Demise of China Part 1: The History of Communism and why it grows in Public Education

While it is true, I have less patients for the public education system in America now than I did when I first started fighting school levies, the reason for it is in the diagnosis that in its current form, schools as they function now cannot be saved. Government schools should be erased from the board of thought and reinvented without the influence of labor unions or any government involvement. If you send your child to a public school, you are destroying their minds. That is my opinion after much research. The evidence of my research has revealed without question that communist infiltration into the America public education system in the 1940’s and 1950’s has caused many of the social and economic problems we see today in 2012. The modern labor union’s social/political position and what they desire to teach students, and how they wish to erode away the value of private property through taxation—incentivizing non-ownership, apartment dwellers and other lease agreements as shelters of taxation–public housing like what Russia had in Petrograd are all too clear the strategic intentions when taken in historical context.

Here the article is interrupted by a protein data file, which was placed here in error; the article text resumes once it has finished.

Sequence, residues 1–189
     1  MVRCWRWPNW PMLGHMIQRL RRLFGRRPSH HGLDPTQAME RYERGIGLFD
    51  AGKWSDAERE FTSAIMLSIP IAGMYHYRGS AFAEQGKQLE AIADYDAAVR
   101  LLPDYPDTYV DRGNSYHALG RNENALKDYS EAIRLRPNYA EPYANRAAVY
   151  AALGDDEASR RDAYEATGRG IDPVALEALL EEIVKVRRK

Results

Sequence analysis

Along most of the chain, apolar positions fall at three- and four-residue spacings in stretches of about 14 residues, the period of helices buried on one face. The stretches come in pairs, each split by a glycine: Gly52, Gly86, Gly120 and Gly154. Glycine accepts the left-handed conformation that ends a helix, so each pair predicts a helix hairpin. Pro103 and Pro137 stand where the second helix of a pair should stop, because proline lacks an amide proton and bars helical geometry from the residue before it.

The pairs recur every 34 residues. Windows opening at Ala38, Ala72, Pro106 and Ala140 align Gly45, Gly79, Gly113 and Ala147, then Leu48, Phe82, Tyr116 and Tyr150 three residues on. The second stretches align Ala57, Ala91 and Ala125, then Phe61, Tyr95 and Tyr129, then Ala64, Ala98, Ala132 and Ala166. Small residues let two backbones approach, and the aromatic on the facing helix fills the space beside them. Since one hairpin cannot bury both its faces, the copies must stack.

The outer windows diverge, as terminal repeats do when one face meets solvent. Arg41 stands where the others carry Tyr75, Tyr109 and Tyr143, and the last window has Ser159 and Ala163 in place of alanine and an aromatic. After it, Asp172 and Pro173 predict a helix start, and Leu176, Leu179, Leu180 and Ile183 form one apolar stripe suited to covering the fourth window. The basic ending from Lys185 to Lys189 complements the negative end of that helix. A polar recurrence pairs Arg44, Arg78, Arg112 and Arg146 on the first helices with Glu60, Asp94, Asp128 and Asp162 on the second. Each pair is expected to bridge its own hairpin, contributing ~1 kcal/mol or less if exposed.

It is unlikely that a school district’s modern superintendents or their administrators know anything of the history I am about to unleash upon these pages in a two-part symposium focusing on why China wishes war with Japan, and the true modern cost of communism that China is currently experiencing. It is unlikely that they have thought too much about the communism they are advocating in their modern politics—the attempt to teach the American youth of the struggle between the proletariat and the bourgeois, the importance of “green technology” (modern communism) or the dangerous breakdown of family values advocated by intelligentsia in America and how this breakdown occurred through subtle communist propaganda. The participants probably know very little of what they are really doing, or why they do it. They have accepted collectivism as their social role so they only look at their responsibility in that collective, and do not consider the philosophic implications because such a thing would require thought, and they have surrendered that ability. The communists attacked America in the period after World War II not directly, but subtly and that attack can be felt to this very day in any child in any school in America. And every American who pays taxes off their property has been forced to accept that communism just a little each year with every increase in school levies gradually sapping off the wealth of property ownership by attacking the bourgeois and redistributing that wealth to the proletariat. Teachers are not paid so much money through their unions because those positions are socially important. They are paid so much to shut their mouths, not ask questions, and teach what the state tells them to teach. For me the final straw came during the Chicago Teacher’s Union Strike of 2012.